This is a job advertisement you might not believe could have been written in this century, let along in this decade. Now that we are in 2018, the only saving grace we have is that it was not written in this year. Believe it or not, this job advertisement was aired in November 2017, by Azerbaijan Airlines (AZAL).
For female flight attendants, it is not uncommon for your uniform to enforce the wearing of high heels, lipstick, and tight-fitting suits. When it comes to job advertisements outside of the US and Europe, it is not even uncommon be excluded based on height and age. With the ‘#metoo’ movement tackling sexism in the entertainment industry head on, and Iceland having become the first country to enforce equal pay as of 1st January 2018, inequality in the workplace is under attack. The aviation industry, however, seems to have its head in the clouds, leaving this type of progression 40,000ft below.
Although such obvious discrimination might not be permissible by law in the UK and US, it does not mean that stereotypes around women in aviation are not alive and kicking. Virgin Airlines is well known not only for its brand personality, but also for the people connected to its brand – namely, the stewardesses. Winning accolades throughout the years of having the most attractive crew members, with some overtly sexy and glamorous ads to support this along the way, it’s no wonder that the aviation industry still invites sexist attitudes. One year ago, a Jet2 plane flying from Glasgow to Ibiza had to make an emergency landing as a drunken passenger harassed a stewardess asking her to ‘get your t*** out’. Airlines including Virgin, RyanAir and Avianova have had adverts banned this decade for being sexist and discriminatory.
What’s the big deal, you might ask – it’s all just advertisement. There’s something about the theatre of travel that makes it make sense – the heritage of the industry, the uniforms of the pilots… As long as the cabin crew are protected from harassment, there’s no harm done.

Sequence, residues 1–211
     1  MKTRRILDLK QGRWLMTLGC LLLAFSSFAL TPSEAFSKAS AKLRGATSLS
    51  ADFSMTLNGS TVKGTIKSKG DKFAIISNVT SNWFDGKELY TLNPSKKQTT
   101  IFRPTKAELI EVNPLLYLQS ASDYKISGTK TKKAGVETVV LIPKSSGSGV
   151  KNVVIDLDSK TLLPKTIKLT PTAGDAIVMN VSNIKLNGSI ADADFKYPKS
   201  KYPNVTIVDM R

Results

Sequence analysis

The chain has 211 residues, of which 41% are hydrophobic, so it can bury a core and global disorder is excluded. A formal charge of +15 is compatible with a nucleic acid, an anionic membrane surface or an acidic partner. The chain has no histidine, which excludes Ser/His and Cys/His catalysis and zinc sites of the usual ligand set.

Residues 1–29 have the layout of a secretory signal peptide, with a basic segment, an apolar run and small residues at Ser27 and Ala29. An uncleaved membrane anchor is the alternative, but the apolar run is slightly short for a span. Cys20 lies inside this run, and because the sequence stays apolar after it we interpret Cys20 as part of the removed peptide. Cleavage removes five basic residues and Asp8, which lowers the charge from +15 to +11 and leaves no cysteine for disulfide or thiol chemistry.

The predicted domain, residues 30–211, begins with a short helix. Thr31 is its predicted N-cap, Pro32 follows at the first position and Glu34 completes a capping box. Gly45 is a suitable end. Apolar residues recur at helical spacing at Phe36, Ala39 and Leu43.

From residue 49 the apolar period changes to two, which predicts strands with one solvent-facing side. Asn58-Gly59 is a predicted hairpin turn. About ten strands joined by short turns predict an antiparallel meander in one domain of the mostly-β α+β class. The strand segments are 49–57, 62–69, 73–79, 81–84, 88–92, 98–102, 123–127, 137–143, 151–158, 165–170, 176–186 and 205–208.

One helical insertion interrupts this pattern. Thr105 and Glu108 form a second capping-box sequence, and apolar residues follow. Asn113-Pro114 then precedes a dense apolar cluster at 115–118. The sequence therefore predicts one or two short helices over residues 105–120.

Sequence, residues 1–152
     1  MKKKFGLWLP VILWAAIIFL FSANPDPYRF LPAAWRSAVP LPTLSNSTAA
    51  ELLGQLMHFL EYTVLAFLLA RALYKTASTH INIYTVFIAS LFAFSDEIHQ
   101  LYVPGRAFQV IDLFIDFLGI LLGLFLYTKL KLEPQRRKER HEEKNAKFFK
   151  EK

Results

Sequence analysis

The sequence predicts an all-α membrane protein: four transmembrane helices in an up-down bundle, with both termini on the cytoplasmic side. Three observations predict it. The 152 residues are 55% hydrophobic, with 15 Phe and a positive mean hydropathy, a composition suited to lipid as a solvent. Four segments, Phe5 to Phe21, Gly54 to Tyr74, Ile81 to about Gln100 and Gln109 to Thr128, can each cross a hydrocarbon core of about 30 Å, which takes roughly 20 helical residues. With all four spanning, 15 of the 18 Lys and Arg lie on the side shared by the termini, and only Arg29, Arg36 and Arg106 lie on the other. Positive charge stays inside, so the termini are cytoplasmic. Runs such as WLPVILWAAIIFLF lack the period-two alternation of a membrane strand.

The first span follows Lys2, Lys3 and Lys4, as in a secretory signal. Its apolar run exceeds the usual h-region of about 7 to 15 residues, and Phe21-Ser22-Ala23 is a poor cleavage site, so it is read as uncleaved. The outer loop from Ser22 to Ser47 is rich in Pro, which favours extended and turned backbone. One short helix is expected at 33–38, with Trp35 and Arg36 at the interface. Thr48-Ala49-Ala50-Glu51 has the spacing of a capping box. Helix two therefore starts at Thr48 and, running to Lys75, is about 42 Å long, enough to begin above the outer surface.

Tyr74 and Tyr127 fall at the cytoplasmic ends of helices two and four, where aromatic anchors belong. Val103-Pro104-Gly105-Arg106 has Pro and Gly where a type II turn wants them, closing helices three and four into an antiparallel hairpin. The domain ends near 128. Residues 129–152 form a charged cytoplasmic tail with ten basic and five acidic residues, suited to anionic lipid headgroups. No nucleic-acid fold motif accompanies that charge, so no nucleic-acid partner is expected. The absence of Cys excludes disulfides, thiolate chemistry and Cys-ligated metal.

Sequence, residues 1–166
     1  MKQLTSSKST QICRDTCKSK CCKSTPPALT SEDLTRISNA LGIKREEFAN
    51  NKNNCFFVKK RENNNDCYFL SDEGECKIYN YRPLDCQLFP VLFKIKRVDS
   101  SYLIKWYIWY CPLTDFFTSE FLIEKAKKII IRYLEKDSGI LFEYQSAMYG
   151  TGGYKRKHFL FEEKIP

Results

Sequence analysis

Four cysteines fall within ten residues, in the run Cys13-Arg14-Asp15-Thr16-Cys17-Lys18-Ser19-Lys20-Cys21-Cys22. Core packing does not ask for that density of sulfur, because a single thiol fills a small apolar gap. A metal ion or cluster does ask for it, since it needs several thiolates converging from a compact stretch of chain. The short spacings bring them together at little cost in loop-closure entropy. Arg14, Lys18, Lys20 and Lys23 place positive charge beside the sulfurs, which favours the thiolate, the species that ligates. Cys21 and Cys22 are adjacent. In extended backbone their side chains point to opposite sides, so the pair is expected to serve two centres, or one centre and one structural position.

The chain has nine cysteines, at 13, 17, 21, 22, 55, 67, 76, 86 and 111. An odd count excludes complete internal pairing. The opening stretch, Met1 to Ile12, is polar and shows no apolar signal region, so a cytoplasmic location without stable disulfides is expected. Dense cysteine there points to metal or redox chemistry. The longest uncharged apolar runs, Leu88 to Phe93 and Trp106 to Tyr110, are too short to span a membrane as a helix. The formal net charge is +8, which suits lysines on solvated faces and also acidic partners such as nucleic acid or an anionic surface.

But the problem is far from skin deep. Aside from perpetuating perceptions of women that make drunken men on flights think the above behaviour is acceptable, there is a greater inequality in the industry (could say instead “…acceptable, gender inequality is rife throughout/across the industry”?). The International Society of Women Airline Pilots estimates that of 130,000 pilots worldwide, only about 4,000 of them are women (via Travel and Leisure News), as The Telegraph confirms.
So used to seeing women wearing heels serving drinks in the passengers aisle, and yet so unaccustomed to hearing a female voice over the tannoy, Marnie Munns of EasyJet reported to the Telegraph that when asked where the captain of the aircraft is, she has to reassure passengers that ‘you’re looking at her’.
In October 2017, Southwest Airlines created headlines when it Tweeted about the first ‘unmanned’ Southwest flight on a Boeing airplane. While this is indeed something worth celebrating, as it realises this career for young girls with aspirations to fly planes and become airline captains, it’s a shame that an all-female flight crew is such a rarity, and indeed unfortunate that the central figure was clad in a baby pink tie (not making her any less of a brilliant pilot, of course, just a shame for the PR perhaps).
While some airlines have moved on from unbuttoned blouses and a Britney-Spears-in-Toxic style approach to female cabin crew, this industry certainly appears to be living in the past. Whether it be in the cabin where restrictive uniforms and questionable job adverts still prevail, or in the cockpit which may be all too apt a name as gender equality at less than 10%, let’s hope that 2018 sees more international airlines making efforts to be fairer and, frankly, making more efforts to step into the 21st century.